Every day I talk to entrepreneurs who are launching new B2B websites, hoping to build a pipeline of new business through content and inbound marketing. These business owners often rely on “conversion rate” as a measurement of their sites’ marketing performance.
A site’s conversion rate is the number of people that filled out a form on that site divided by the total number of website visitors, expressed as a percentage (leads/visits). This is an important metric for gauging your buyer’s interest in your website content.
But if your B2B website is brand new, how can you know what kind of conversion rate it will have? Knowing what to expect when you have no previous conversion rate data on your site is important for setting expectations with the rest of your team.
I recently helped Patrick Truhlar, Managing Member at Steady Returns LLC, with this very problem. He wanted to know what to expect in terms of conversion rate for his new site, which is launching in March. After a couple weeks of digging into his current site’s history of performance, I set some expectations for starting up content marketing with fewer than 200 visits per month coming to his website, which is his current site’s trend.
Why is 3% a good guess for a new B2B website?
HubSpot, a leading marketing automation software provider, has surveyed 3,570 of its 11,000 customers and found that, across all its 11,000-plus customers, a conversion rate of 2 percent is average. But that number takes into account absolutely everybody.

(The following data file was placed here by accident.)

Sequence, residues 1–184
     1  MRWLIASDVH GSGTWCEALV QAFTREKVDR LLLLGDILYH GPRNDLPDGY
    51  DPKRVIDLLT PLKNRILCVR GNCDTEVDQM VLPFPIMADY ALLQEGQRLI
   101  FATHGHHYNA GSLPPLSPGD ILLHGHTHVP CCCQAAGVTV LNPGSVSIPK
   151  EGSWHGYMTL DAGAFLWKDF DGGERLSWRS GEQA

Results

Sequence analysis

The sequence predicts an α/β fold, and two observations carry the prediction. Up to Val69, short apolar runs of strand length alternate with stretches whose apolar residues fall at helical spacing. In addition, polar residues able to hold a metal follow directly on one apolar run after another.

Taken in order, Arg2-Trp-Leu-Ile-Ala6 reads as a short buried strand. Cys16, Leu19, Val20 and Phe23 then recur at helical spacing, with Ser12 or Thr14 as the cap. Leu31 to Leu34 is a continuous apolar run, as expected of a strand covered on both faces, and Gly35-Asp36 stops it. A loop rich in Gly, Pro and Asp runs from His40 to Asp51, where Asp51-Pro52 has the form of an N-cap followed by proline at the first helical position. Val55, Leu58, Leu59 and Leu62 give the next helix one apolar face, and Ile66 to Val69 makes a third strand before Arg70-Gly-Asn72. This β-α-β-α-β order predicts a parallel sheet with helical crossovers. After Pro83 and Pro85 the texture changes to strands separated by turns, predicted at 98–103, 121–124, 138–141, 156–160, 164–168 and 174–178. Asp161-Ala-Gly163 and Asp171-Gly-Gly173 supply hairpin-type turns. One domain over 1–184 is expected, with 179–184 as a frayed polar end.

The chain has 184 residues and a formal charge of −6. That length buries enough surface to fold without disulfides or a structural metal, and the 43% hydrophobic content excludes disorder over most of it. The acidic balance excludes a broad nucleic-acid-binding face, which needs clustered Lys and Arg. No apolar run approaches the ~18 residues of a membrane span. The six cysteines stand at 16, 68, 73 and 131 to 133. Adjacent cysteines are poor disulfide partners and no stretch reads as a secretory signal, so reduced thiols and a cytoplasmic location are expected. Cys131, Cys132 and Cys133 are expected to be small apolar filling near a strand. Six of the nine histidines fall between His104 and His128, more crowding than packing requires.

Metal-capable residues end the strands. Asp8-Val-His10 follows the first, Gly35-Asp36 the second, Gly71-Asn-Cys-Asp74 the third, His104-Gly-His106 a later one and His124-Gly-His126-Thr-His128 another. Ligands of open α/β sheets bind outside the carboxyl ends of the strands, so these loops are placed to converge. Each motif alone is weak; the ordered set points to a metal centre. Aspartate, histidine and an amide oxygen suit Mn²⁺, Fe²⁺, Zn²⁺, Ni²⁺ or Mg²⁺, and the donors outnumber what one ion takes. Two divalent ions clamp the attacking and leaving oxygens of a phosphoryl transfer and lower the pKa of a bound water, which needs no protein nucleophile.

More statistics like this can be found on HubSpot’s state of inbound site: http://www.stateofinbound.com/
Two may be the average for all companies, but in my experience, when companies start from scratch, they often end up having a higher conversion rate. The reason for that is, over the past 10-15 years, people have been doing a lot of "black hat SEO." They have not been creating helpful information. They've been gaming the system and playing tricks on Google to make it look like their content is valuable, when it really isn’t.
Just a few years ago marketers could farm out 100 links to India and get their search rankings up, as an example. The result for many businesses was a ton of website traffic that shouldn't have actually been there. For some businesses, this traffic persists, although it’s not doing them any good. The visitors are not right for the business but they're still on the site.
We often find that sites that have been around for longer will have a lower conversion rate, something between 1 and 2 percent. Sites that are younger, that are growing by producing helpful information consistently, will have a higher quality of traffic—and therefore higher conversion rates.
As an educated guess, I think you can expect your conversion rate to be around 3 percent within the first 6 months, if you’re just starting out with a new B2B website and you are consistently posting helpful information about the challenges your buyers are facing in the market and capturing leads at each stage of the buying process. But it could be 2 percent; it could be 6 percent. Six percent is really the highest I've seen. I did a website project earlier this year that had a 6 percent conversion rate after about 6 months, but that is rare. Let’s take a look at a simple addition to your content marketing plan that typically has a very high impact on your website’s conversion rate.